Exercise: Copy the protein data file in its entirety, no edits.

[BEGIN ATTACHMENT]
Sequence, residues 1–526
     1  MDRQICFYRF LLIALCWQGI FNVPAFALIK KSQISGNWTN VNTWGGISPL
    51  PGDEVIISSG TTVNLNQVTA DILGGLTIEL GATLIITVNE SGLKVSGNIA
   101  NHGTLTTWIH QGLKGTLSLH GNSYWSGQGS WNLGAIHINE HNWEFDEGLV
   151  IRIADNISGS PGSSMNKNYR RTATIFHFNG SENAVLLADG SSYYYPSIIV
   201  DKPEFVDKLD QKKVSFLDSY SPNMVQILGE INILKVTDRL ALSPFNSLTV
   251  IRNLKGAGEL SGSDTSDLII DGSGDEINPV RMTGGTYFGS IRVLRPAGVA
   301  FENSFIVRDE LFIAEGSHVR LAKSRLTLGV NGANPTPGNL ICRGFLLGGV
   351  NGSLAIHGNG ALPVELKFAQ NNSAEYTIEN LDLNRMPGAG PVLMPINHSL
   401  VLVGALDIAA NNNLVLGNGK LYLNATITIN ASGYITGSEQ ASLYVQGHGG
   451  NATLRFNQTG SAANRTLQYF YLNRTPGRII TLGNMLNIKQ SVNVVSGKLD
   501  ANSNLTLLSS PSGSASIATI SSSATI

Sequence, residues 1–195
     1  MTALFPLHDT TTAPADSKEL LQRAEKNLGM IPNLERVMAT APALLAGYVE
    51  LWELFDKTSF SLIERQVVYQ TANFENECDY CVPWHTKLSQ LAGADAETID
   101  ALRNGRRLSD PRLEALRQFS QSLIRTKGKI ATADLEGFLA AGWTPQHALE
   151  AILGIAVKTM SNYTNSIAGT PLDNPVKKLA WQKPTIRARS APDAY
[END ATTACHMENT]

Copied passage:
Sequence, residues 1–526
     1  MDRQICFYRF LLIALCWQGI FNVPAFALIK KSQISGNWTN VNTWGGISPL
    51  PGDEVIISSG TTVNLNQVTA DILGGLTIEL GATLIITVNE SGLKVSGNIA
   101  NHGTLTTWIH QGLKGTLSLH GNSYWSGQGS WNLGAIHINE HNWEFDEGLV
   151  IRIADNISGS PGSSMNKNYR RTATIFHFNG SENAVLLADG SSYYYPSIIV
   201  DKPEFVDKLD QKKVSFLDSY SPNMVQILGE INILKVTDRL ALSPFNSLTV
   251  IRNLKGAGEL SGSDTSDLII DGSGDEINPV RMTGGTYFGS IRVLRPAGVA
   301  FENSFIVRDE LFIAEGSHVR LAKSRLTLGV NGANPTPGNL ICRGFLLGGV
   351  NGSLAIHGNG ALPVELKFAQ NNSAEYTIEN LDLNRMPGAG PVLMPINHSL
   401  VLVGALDIAA NNNLVLGNGK LYLNATITIN ASGYITGSEQ ASLYVQGHGG
   451  NATLRFNQTG SAANRTLQYF YLNRTPGRII TLGNMLNIKQ SVNVVSGKLD
   501  ANSNLTLLSS PSGSASIATI SSSATI

Sequence, residues 1–195
     1  MTALFPLHDT TTAPADSKEL LQRAEKNLGM IPNLERVMAT APALLAGYVE
    51  LWELFDKTSF SLIERQVVYQ TANFENECDY CVPWHTKLSQ LAGADAETID
   101  ALRNGRRLSD PRLEALRQFS QSLIRTKGKI ATADLEGFLA AGWTPQHALE
   151  AILGIAVKTM SNYTNSIAGT PLDNPVKKLA WQKPTIRARS APDAY